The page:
Thousands of people have mourned Ethiopian victims of the Ethiopian Airlines flight 302 crash, as 17 empty caskets draped in the national flag were accompanied through the streets of the capital, Addis Ababa.
The funeral service came one day after officials began delivering bags of earth to family members of the 157 victims instead of the remains of their loved ones because the identification process is expected to take a long time.
Family members confirmed they were given a 1kg sack of scorched earth taken from the crash site. Many relatives have already visited the rural, dusty crash site outside Addis Ababa.
The victims came from 35 countries and included many humanitarian workers headed to Nairobi.
Elias Bilew said he had worked with one of them, Sintayehu Shafi, for the past eight years. “He was such a good person,” Bilew said. “He doesn’t deserve this. He was the pillar for his whole family.”
As friends and families grieved, investigators in Paris continued their work on the planes’ black boxes. They have been sent to France because the French air accident investigation agency BEA has extensive expertise in analysing such devices.
Experts from the US National Transportation Safety Board and the plane’s manufacturer Boeing are among those involved in the investigation.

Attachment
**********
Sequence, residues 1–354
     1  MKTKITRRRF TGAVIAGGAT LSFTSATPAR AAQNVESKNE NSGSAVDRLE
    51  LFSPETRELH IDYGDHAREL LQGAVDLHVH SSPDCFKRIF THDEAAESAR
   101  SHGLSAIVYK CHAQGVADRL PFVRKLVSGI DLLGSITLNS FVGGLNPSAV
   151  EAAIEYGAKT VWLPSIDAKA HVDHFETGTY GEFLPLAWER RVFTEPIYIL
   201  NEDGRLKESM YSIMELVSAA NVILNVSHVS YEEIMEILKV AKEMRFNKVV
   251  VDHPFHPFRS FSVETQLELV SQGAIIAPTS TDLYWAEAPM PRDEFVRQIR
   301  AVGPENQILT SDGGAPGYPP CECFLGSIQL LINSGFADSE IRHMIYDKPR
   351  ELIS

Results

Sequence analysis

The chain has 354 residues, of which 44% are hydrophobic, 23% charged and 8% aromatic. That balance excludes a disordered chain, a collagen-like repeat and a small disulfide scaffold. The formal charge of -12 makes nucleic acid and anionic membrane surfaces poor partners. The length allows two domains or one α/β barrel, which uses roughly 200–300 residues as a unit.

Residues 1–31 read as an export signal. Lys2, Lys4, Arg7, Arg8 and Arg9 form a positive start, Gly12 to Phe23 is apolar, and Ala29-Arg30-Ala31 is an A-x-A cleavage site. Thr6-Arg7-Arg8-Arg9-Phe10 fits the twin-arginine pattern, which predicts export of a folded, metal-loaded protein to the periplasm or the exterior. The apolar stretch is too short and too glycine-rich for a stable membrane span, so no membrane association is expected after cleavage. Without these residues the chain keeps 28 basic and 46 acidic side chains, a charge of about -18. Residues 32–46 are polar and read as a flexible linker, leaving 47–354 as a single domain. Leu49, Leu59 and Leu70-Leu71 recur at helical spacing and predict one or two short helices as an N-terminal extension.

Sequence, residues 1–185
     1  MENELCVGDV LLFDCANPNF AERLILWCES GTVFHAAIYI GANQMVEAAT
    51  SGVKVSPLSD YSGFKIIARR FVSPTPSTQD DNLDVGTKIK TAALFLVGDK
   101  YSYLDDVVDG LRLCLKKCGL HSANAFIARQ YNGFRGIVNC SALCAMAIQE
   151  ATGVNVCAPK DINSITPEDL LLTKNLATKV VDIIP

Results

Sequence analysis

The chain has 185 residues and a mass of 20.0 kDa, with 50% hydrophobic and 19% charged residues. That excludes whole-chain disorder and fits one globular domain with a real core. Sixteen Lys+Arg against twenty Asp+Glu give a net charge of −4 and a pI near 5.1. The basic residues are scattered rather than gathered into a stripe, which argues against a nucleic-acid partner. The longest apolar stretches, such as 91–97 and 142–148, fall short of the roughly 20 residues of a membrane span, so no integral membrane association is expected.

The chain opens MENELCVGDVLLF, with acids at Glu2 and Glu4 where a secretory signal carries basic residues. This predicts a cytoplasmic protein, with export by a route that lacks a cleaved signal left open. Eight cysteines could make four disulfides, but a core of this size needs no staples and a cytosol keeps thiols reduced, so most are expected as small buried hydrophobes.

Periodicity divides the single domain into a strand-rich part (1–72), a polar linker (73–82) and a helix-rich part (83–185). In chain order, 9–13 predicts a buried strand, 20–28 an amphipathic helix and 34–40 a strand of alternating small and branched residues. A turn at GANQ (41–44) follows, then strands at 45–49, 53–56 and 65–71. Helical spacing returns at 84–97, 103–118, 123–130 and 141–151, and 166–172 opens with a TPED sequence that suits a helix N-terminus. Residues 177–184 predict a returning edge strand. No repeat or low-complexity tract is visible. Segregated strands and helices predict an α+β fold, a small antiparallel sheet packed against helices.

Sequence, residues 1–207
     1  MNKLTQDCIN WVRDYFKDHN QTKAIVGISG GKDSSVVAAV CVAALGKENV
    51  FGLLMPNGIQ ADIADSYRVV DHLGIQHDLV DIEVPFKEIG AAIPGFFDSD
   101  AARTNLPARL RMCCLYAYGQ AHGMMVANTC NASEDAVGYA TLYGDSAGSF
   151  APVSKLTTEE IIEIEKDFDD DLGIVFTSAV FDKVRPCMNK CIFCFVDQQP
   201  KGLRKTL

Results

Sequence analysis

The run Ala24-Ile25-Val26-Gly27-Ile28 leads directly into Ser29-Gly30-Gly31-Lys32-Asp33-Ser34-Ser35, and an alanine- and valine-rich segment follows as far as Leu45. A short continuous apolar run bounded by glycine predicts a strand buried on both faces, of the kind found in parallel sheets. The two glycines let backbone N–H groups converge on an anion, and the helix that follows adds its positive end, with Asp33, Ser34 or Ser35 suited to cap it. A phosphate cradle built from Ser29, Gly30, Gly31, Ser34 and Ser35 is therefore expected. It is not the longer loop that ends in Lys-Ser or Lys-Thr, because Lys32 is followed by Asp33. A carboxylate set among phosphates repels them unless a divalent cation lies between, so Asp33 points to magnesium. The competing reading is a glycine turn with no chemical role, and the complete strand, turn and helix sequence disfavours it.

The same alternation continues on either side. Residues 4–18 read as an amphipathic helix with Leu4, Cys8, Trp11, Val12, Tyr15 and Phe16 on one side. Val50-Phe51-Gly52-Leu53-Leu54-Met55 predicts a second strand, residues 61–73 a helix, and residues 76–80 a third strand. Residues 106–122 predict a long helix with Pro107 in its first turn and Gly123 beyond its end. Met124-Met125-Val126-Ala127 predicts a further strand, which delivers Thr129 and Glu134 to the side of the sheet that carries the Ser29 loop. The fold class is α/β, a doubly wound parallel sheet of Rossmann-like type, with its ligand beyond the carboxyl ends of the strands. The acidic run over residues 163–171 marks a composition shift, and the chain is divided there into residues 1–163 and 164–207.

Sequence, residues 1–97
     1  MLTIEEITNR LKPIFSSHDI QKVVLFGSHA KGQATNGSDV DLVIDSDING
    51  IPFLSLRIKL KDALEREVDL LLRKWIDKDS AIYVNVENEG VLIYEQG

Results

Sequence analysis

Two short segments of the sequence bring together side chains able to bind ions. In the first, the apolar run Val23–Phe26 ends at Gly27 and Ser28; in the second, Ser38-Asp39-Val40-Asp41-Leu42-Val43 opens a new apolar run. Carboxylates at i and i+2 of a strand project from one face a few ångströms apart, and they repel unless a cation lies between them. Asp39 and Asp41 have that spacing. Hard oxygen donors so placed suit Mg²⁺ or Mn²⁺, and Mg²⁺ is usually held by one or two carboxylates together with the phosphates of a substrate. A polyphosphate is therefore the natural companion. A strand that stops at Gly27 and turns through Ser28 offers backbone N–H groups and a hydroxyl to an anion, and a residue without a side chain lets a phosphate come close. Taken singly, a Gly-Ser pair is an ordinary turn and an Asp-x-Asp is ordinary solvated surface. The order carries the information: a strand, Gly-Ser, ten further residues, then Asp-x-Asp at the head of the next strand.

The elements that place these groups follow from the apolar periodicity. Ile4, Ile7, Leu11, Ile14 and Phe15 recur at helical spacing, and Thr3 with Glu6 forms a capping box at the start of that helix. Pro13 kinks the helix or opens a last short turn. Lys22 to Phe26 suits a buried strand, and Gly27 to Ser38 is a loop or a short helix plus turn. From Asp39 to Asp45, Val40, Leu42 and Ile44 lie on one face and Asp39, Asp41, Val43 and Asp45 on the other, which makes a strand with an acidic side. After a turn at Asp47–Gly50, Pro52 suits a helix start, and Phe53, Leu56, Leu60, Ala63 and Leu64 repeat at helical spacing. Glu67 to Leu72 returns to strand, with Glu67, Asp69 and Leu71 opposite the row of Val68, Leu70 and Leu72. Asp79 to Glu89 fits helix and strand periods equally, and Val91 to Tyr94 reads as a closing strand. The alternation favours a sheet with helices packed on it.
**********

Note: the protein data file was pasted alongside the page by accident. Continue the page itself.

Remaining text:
The US Federal Aviation Administration has said satellite-based tracking data shows that the movements of Ethiopian Airlines flight 302 were similar to those of Lion Air flight 610, which crashed off Indonesia in October, killing 189 people. Both involved Boeing 737 Max 8 planes.
The planes in both crashes flew with erratic altitude changes that could indicate the pilots struggled to control the aircraft. Shortly after their takeoffs, both crews tried to return to the airports but crashed.
The US and many other countries have now grounded the Max 8s as Boeing faces the challenge of proving the jets are safe to fly amid suspicions that faulty sensors and software contributed to the two crashes that killed 346 people in less than six months.